A green journey to the making of magic bullets

Document Type

Conference Proceeding

Publication Date



Antibiotics; Bioprocess technology; Environmental sustainability; Yeast cell surface enzymes


Semi-synthetic cephalosporins, constituting the largest portion in the worldwide sales of beta-lactam antibiotics, have been used extensively for decades as “magic bullets” to combat microbial infections. The global cephalosporin market was valued at US$78,000 million in 2016 and it is estimated to increase by 14% by 2023. Most of the marketed cephalosporins are semi-synthetic. However, the methodologies involved are environmentally-damaging because toxic chemicals are used. The increasing annual demand of semi-synthetic cephalosporins and the concept of environmental sustainability pose a dire need to develop alternative approaches for “greener” production of antibiotics. Microorganisms have been heralded as a solution to many of the contemporary world’s most pressing issues. One of the frontiers in microbial biotechnology is to help solve environmental and sustainable resources problems, and scientists have been working vigorously to harness single-celled systems to produce high value fine chemicals such as commodity chemicals, therapeutic intermediates, and essential nutrients. Bioprocess technology has operational advantages: the procedures are low cost, high yield, and environmentally-sustainable. My research laboratory has been working on developing a sustainable and effective bioprocess using enzymes for the biosynthesis of 7-aminocephalosporanic acid (7-ACA), a cephem nucleus for the production of nearly two-thirds of the global commercial semi-synthetic cephalosporins. In particular, using bioinformatics and modeling, we have characterised a variant D-amino acid oxidase (DAAO) with enhanced catalytic properties suitable for industrial applications. By using variant DAAO and glutaryl-7-aminocephalosporanic acid acylase (GL-7-ACA acylase), we have patented a two-enzyme biosystems for direct biosynthesis of 7-ACA with overall conversion rate approaching 100%. Immobilised enzymes are more robust and exhibit enhanced resistance to industrial and environmental challenges. However, immobilised enzymes are expensive and preparation involves tedious multi-step schemes. Yeast surface display technology represents a tangible and sustainable alternative approach to immobilised enzymes with industrial relevance. Enzyme biocatalysts are displayed on cell surface where a direct enzyme-substrate interaction is facilitated with higher stability and catalytic activity. The new paradigm in pharmaceutical industry is the development of multi-enzyme sequential reactions in one-pot to minimise enzyme inhibition and formation of by-products. We would like to address the problems and develop a streamlined bioprocess relevant to the concept of environmental sustainability by constructing a functional assembly of DAAO and GL-7-ACA acylase for one-pot production of 7-ACA. We reckon that yeast display technology is particularly suitable for biosynthesis of 7-ACA via an establishment of a functional assembly of enzymes with close proximity. Here, I would like to report the latest findings of my research on this area and the potential industrial applications.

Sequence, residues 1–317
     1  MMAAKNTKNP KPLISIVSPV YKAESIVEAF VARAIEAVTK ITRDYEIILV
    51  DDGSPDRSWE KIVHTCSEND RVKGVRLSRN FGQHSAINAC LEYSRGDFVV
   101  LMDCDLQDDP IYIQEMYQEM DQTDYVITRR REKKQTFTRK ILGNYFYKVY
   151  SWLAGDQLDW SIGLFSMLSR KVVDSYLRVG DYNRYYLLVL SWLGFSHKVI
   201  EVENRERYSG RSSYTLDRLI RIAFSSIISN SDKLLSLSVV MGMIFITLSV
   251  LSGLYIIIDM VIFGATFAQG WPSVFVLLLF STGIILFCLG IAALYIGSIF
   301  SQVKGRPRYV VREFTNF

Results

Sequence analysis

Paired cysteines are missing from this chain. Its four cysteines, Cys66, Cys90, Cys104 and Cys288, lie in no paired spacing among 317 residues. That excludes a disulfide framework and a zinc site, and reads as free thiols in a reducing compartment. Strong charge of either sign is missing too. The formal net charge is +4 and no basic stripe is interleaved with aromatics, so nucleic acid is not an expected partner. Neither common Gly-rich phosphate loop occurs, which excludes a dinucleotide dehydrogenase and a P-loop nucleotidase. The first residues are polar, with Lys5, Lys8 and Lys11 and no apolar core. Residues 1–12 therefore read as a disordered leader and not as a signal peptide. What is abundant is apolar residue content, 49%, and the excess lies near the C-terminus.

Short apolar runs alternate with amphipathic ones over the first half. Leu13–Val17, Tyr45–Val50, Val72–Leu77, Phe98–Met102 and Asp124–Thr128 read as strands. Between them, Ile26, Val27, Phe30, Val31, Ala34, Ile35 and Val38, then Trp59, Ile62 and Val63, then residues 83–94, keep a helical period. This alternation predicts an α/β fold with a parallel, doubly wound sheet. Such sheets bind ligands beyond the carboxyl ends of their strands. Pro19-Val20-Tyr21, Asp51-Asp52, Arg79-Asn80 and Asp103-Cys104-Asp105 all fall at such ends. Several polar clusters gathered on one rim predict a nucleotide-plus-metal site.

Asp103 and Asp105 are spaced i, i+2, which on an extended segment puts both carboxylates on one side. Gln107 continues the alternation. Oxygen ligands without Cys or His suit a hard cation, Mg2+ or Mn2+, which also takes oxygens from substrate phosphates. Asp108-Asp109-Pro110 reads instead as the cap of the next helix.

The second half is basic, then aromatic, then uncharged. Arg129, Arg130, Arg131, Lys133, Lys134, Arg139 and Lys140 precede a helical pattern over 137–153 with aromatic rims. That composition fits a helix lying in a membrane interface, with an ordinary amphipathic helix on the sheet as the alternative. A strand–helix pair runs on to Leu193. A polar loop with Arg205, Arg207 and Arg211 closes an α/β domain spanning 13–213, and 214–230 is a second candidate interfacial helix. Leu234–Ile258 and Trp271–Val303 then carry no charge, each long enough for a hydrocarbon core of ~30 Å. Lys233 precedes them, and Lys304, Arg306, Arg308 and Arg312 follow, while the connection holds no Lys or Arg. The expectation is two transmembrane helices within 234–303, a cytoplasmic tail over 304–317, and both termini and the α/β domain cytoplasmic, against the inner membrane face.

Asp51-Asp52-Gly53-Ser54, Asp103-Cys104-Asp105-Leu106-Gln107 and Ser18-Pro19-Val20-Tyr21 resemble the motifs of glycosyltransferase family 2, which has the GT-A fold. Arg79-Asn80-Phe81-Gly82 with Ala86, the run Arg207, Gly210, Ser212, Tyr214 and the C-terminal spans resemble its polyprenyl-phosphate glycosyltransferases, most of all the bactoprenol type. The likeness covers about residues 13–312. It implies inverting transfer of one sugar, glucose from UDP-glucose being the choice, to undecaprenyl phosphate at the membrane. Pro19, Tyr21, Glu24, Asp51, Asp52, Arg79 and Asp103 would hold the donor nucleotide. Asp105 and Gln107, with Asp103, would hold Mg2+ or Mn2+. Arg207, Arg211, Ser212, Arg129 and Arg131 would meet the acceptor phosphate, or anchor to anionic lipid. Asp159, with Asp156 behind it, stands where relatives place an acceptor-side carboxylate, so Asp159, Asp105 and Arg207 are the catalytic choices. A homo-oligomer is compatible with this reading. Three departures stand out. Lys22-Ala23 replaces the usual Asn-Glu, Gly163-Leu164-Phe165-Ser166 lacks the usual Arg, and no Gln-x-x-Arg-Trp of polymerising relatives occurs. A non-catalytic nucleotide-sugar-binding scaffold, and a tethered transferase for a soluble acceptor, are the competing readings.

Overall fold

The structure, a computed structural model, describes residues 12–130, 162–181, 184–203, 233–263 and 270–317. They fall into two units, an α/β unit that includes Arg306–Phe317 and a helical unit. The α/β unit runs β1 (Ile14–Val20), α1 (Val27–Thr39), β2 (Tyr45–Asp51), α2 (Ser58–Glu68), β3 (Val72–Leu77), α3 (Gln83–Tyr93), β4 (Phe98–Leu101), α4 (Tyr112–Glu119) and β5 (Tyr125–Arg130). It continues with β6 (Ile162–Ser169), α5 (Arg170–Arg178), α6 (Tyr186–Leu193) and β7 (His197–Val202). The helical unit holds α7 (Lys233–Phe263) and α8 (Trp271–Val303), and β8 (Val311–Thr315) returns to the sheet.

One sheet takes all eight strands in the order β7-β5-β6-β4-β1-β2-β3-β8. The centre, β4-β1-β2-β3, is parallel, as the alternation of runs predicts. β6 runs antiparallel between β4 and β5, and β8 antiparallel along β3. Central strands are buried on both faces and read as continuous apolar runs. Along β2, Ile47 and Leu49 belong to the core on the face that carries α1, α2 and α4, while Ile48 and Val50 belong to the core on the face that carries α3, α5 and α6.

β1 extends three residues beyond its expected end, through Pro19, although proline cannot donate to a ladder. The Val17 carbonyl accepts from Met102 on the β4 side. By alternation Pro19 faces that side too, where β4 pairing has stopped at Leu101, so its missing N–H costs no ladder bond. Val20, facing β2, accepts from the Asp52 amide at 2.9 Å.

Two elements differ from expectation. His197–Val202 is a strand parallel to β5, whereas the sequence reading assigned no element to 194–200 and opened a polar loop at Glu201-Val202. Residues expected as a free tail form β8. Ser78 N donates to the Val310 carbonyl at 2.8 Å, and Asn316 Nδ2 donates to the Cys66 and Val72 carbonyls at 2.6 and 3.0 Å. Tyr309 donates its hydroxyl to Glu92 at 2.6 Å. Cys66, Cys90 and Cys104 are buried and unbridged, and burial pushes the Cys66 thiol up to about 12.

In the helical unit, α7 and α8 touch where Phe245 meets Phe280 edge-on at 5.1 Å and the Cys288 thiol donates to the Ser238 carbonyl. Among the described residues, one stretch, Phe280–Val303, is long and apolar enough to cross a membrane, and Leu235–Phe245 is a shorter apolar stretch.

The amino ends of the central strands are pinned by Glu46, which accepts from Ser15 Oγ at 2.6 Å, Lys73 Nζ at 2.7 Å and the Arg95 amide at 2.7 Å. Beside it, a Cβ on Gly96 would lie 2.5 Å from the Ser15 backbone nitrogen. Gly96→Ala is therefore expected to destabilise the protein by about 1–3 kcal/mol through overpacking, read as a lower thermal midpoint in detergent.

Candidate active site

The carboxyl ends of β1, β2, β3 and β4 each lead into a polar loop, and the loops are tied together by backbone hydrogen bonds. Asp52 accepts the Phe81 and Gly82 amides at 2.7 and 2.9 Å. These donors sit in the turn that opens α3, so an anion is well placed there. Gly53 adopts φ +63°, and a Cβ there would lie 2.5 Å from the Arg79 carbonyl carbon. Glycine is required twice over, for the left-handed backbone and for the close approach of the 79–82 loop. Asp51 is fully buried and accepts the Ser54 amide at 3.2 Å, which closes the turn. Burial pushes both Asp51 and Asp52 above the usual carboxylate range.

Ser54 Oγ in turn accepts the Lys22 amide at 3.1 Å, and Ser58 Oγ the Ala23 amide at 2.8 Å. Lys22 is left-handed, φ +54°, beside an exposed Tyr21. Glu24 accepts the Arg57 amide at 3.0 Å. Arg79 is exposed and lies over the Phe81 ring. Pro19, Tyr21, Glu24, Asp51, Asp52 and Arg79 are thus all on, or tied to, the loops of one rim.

Source Publication

International Conference on Applied Education, Technology and Innovation (AETI), on 16-18 April 2019, at the Technological and Higher Education Institute of Hong Kong (THEi)

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